Join Donate

Blog Archive

 

Will Juno’s Instruments Observe the Moons of Jupiter?

Candice Hansen • August 30, 2016

It is not easy to observe Jupiter’s moons as more than points of light with Juno, because Juno will never get very close to any of the moons, but as its orbit shifts there will be opportunities to collect data on some of the moons.

Juno has arrived!

Emily Lakdawalla • July 05, 2016

For a second time, NASA has placed a spacecraft into orbit at Jupiter. The spacecraft operated exactly according to plan, and Juno successfully entered orbit today, July 5, 2016, UTC

A peek at the JunoCam approach movie

Emily Lakdawalla • July 04, 2016

We're now just about 12 hours away from Juno's Jupiter orbit insertion. As anticipation ramps up, NASA has released this sneak peek at JunoCam's approach movie, made of views of Jupiter and its largest moons shot during the final approach, up until about five days ago.

A moon with atmosphere

Emily Lakdawalla • April 08, 2015

What is the solar system moon with the densest atmosphere? Most space fans know that the answer is Titan. A few of you might know that Triton's is the next densest. But what's the third? Fourth? Do any other moons even have atmospheres? In fact, they do; and one such atmosphere has just been discovered.

JUICE at Europa

Van Kane • January 13, 2015

Europe's JUICE spacecraft will provide us with a detailed regional study of this icy moon of Jupiter.

Intro Astronomy 2014. Class 8: Icy Galilean Satellites, Saturn System

Bruce Betts • April 11, 2014

Explore the icy moons of the Jupiter System and tour the Saturnian system in this video of class 8 of Bruce Betts' Introduction to Planetary Science and Astronomy class.

Intro Astronomy Class 1: Tour of the Solar System

Bruce Betts • February 11, 2014

Take a tour of the Solar System in the video of class 1 of Bruce Betts' Introduction to Planetary Science and Astronomy class.

Scale comparisons of the solar system's major moons

Emily Lakdawalla • July 10, 2013

A few presentation slides with pretty pictures, sized to scale, of the large moons of the solar system.

One Ocean World Among Many

Jim Bell • June 03, 2013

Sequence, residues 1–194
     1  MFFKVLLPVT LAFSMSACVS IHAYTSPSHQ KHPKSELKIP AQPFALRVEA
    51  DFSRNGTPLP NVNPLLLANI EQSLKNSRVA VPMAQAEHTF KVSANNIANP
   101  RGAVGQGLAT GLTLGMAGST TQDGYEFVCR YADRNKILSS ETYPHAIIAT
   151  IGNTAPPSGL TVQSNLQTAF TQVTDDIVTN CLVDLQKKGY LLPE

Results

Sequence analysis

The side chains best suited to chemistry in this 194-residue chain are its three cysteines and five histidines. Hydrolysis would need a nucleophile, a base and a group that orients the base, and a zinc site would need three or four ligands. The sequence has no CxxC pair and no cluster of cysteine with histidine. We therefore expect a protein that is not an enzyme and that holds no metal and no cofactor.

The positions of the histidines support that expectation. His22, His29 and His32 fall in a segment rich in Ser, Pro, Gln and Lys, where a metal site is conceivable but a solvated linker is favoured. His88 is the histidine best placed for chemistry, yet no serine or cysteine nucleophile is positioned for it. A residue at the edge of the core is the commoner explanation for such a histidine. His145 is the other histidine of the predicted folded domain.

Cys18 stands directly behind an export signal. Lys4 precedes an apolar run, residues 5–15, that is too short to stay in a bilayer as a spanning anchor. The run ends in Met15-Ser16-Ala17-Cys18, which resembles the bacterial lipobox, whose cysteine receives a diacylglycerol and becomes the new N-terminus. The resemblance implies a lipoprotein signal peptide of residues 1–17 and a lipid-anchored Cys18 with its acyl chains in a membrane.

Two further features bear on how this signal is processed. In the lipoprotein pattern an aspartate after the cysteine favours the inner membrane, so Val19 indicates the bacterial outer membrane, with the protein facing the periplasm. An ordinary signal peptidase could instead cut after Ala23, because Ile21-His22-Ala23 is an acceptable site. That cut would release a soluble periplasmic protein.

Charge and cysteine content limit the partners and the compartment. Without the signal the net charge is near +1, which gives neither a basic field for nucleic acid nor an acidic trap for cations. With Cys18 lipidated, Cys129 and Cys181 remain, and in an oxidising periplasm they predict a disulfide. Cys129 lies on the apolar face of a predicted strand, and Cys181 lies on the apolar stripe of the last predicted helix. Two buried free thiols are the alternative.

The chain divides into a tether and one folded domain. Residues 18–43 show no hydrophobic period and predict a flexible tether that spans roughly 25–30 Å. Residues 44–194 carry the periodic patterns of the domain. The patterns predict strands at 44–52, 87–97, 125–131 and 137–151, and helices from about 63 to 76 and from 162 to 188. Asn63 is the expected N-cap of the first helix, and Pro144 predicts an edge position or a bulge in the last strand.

I'm absolutely floored when I stop to think that our beautiful blue ocean is only one of perhaps a half dozen or more oceans on other worlds in our solar system, and only one of probably millions (or more) oceans on other Earth-like planets in our galaxy. Oceans abound!

Instruments for the JUICE Jovian Mission

Van Kane • March 07, 2013

The European Space Agency (ESA) announced the list of instruments selected for its JUICE mission to explore the Jovian system for three years starting in the 2030 following a 2022 launch.

Book Review: Atlas of the Galilean Satellites, by Paul Schenk

Emily Lakdawalla • November 18, 2011

Not many subjects remain for which it is possible to assemble everything that we know about it in one book. Even for those subjects for which our knowledge is limited, knowledge seems always to be expanding exponentially. This is not true, however, for the Galilean satellites of Jupiter.

Scale solar system presentation slide, a provisional version for you to review

Emily Lakdawalla • September 15, 2011

I'm preparing a talk for the Pacific Astronomy and Telescope Show here in Pasadena on Sunday afternoon at 1:45. I have spent the morning putting together a slide that I have long wanted to have for presentations.

Update: Phobos and Jupiter and its moons!

Emily Lakdawalla • June 20, 2011

Remember that neat picture and movie of Phobos passing by Jupiter that I posted last week? Several people asked me where Jupiter's moons were, and I just assumed that they weren't visible. I was wrong; Mars Express spotted Jupiter's moons along with the planet and Mars' moon!

Spotting Jupiter's Moons...with a Solar Telescope!?

Emily Lakdawalla • April 06, 2011

I was astounded to learn this morning that SOHO can not only see Jupiter, it can actually resolve Jupiter's moons (at least its two outer ones) as points of light separate from their planet!

Mercury: a moon-scale body

Emily Lakdawalla • March 17, 2011

As I wait for the MESSENGER Mercury Orbit Insertion webcast to start, I thought I'd fiddle with some images to point out that Mercury is a bridge between the scales of planets and the scales of moons.

Door 22 in the 2010 advent calendar

Emily Lakdawalla • December 22, 2010

Time to open the twenty-second door in the advent calendar. Where in the solar system are these degraded craters?

A new view of Callisto

Emily Lakdawalla • March 22, 2010

Here's a lovely amateur-produced color image of Jupiter's moon Callisto, or, as its artist Daniel Macháček calls it, "Titan without weather."

Titan: Callisto with weather

Emily Lakdawalla • March 16, 2010

It's the second time I've posted with this provocative title. This time, it's in response to a new paper published last week in Science.

LPSC: Why Ganymede and Callisto are so different

Emily Lakdawalla • March 01, 2010

The first talk I attended at the Lunar and Planetary Science Conference in Houston was my one icy satellite talk for the day.

400 Years of the Galilean Satellites

Emily Lakdawalla • January 07, 2010

It was 400 years ago today that Galileo discovered smaller planets attending the planet Jupiter.

Items 1 - 20 of 23  12Next
astronaut on Phobos
Let's Change the World

Become a member of The Planetary Society and together we will create the future of space exploration.

Join Today

LightSail
LightSail

LightSail 2 will launch aboard the SpaceX Falcon Heavy. Be part of this epic point in space exploration history!

Donate

You are here: